Trump rescinds transgender bathroom rules from Obama era

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Transgender rights activists protested near the White House against President Trump's decision

Donald Trump's government has revoked guidance to US public schools that allowed transgender students to use toilets matching their gender identity.

The guidance, issued by his predecessor Barack Obama, had been hailed by as a victory for transgender rights.

But critics said it threatened other students' privacy and safety, and should be decided at state level.

Mr Obama's directive had sparked a backlash across the country, with legal challenges from 13 states.

The latest change will have no immediate impact, because Mr Obama's directive has already been temporarily blocked by a judge in Texas since August.

On Wednesday, the Trump administration sent a letter to US schools outlining the change, saying the previous measure had caused confusion.

It had also sparked lawsuits and debate over how it should work in practice, the letter from the Justice and Education departments said.

Last May, Mr Obama's justice and education departments instructed public schools to allow transgender students to use whichever bathroom corresponded to their gender identity.

Though not legally binding, Mr Obama's order warned schools they could lose funding if they did not follow the new guidance.

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Why the N Carolina bill is so controversial

The Obama administration's guidance was based on its interpretation of Title IX, the federal law that prohibits sex discrimination in education.

Mr Obama argued that protection extended to gender identity.

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Some US schools have already introduced gender neutral bathrooms or allowed students to choose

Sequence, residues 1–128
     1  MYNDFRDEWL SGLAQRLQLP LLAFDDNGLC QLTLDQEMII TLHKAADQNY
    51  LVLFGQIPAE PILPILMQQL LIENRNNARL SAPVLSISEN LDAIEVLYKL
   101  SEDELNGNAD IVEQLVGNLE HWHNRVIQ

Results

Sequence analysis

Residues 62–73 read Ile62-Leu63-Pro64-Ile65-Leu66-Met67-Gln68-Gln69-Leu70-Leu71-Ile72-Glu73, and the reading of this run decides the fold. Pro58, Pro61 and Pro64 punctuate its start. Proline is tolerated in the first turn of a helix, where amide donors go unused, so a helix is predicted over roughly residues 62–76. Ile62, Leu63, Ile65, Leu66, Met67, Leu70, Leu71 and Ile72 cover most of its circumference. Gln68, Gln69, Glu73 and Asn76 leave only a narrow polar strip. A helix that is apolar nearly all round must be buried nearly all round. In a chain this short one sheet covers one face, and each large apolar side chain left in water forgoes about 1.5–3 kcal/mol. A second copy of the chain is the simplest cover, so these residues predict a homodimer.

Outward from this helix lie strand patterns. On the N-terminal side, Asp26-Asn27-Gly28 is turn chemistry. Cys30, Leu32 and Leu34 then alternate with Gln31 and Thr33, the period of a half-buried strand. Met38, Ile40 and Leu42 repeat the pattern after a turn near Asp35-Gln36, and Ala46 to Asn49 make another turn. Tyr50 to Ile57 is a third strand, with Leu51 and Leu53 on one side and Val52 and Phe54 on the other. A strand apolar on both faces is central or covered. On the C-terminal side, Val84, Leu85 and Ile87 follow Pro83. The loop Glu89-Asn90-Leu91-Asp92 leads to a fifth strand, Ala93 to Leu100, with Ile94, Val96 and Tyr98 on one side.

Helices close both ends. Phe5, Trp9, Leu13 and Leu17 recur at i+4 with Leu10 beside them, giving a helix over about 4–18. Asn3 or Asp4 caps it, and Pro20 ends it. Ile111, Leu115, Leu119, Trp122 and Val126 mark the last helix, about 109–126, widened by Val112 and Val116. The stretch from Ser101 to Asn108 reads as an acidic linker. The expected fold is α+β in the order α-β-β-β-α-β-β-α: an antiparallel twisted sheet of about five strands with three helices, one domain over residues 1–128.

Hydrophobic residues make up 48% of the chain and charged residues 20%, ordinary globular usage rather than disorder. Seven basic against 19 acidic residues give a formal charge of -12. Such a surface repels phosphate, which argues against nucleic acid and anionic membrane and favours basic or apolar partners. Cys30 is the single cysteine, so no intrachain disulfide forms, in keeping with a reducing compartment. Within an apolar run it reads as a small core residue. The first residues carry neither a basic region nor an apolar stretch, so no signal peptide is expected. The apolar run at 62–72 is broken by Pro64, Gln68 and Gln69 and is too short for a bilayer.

During his presidential campaign, Mr Trump said transgender students should be allowed to use whichever bathroom "they feel is appropriate".

But he reversed his stance after facing Republican criticism.

On Wednesday, conservative activists praised Mr Trump's order, saying it protected student rights to privacy.

"Our daughters should never be forced to share private, intimate spaces with male classmates, even if those young men are struggling with these issues," said Vicki Wilson, a member of Students and Parents for Privacy.

"It violates their right to privacy and harms their dignity."

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Zoey, like many kids, is using drugs to delay puberty and change her birth gender

Texas Attorney General Ken Paxton, a Republican, also praised the move.

"Our fight over the bathroom directive has always been about former President Obama's attempt to bypass Congress and rewrite the laws to fit his political agenda for radical social change," he said.

However, transgender activists have argued that gender identity is a civil rights issue that should be enforced at a federal level, not left to individual states.

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Writer Janet Mock

American Federation of Teachers President Randi Weingarten called the move a major setback for trans rights.

"By rescinding these protections, the Trump administration is compromising the safety and security of some of our most vulnerable children," she said.

"Reversing this guidance tells trans kids that it's OK with the Trump administration and the Department of Education for them to be abused and harassed at school for being trans."

Some celebrities also criticised the decision on social media, with TV presenter Ellen DeGeneres tweeting: "This isn't about politics. It's about human rights."

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Singer Jackie Evancho, whose sister is transgender, had performed the national anthem at Mr Trump's inauguration
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Singer Katy Perry
Image source, Twitter
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TV presenter Ellen DeGeneres